Jameson said she had heard about such an event from her son, who was a policeman in Delaware. In that state's beach towns, law enforcement employees and others have been turning out by the hundreds for more than 30 years to raise money for causes.
But the tradition of the polar bear swimmer dates back to at least the early 20th century, when impresario Bernarr Macfadden founded the Coney Island Polar Bear Club in 1903. Macfadden believed cold-water swimming offered health benefits.
The promotion of that idea apparently spawned Polar Bear groups all over the globe, from Russia to South Korea and points in between, including Venice Beach, Calif., where a penguin rather than a polar bear is the mascot and the water isn't all that cold.
Until recently, in a kind of polar bear underground that before the Internet or texting operated strictly by word-of-mouth, loosely organized groups of swimmers would gather at designated waterfronts, always on New Year's, to share their cold-water activity. Then event organizers began to see the activity as a way to attract a crowd - and tourist money.
The plunges have evolved in another way, too: Once largely gatherings of men, most events now attract a mix of people, and more young women than ever, Jameson said.
She and Avino said some training was involved.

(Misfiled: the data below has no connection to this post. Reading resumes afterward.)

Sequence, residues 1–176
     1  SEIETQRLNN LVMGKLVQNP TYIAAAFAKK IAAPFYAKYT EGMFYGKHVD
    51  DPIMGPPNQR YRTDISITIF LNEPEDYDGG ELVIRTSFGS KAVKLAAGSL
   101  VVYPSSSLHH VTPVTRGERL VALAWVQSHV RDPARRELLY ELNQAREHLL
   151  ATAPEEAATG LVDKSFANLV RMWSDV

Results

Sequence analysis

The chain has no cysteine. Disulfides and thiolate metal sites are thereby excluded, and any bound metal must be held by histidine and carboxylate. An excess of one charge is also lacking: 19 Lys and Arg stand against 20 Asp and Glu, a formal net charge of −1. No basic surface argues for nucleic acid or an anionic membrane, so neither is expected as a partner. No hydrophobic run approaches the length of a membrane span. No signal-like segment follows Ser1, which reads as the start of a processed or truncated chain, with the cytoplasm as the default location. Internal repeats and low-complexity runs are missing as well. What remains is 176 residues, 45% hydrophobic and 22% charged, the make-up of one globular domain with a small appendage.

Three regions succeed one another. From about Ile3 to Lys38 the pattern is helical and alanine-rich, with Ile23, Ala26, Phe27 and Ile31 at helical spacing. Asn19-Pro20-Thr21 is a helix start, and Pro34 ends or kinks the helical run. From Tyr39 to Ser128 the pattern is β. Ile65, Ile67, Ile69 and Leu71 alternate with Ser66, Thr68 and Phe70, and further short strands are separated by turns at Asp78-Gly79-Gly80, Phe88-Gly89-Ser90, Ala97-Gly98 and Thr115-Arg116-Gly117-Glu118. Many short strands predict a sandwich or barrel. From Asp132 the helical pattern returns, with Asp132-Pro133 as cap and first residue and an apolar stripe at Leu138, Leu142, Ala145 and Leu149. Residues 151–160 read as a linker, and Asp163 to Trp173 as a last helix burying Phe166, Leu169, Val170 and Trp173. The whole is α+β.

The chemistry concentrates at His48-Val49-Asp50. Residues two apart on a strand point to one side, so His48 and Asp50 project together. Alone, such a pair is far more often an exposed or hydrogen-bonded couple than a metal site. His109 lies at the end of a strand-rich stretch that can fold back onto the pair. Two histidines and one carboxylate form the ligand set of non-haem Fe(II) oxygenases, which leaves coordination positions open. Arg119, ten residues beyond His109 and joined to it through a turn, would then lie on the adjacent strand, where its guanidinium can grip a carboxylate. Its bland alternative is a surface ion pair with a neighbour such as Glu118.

"I run every day on the Boardwalk, especially when it's cold outside, to get used to the cold," Avino said.
Jameson used to start a routine weeks before the plunge, she recalled. She would rinse in cold water when she showered for several weeks, then work her way up to cold showers. If it snowed before the event, she would walk around in the snow on her sundeck - barefoot.
"But I was never one to hang out on the beach a long time before the plunge. You get cold, and then your feet get cold that way," Jameson said. "You run out there, strip down, and then run right into the water and get in and get out. You can't hang around too long before or after. That's the secret."
But some experts contend cold-water immersion is never a good idea. And people with cardiovascular disease or heart conditions should take heed, said Carol Sames, an exercise physiologist at Upstate Medical University in Syracuse, N.Y.
When the body hits the cold water, the heart rate spikes and increases blood pressure and vasoconstriction, or a narrowing of the blood vessels. Unlike exercise, which raises the heart rate and oxygen demand gradually, plunging into cold water creates an immediate impact in the heart that can be dangerous, Sames said.
For people without heart conditions, the activity can be invigorating, provided swimmers get in and get out, some experts say.
"Some people will jump in and actually swim. That's where you start to run into problems, even if you are a tremendous swimmer," Sames told the Post-Standard of Syracuse. "All of that shivering is going to start to lead to fatigue. You will almost get that lethargy going on."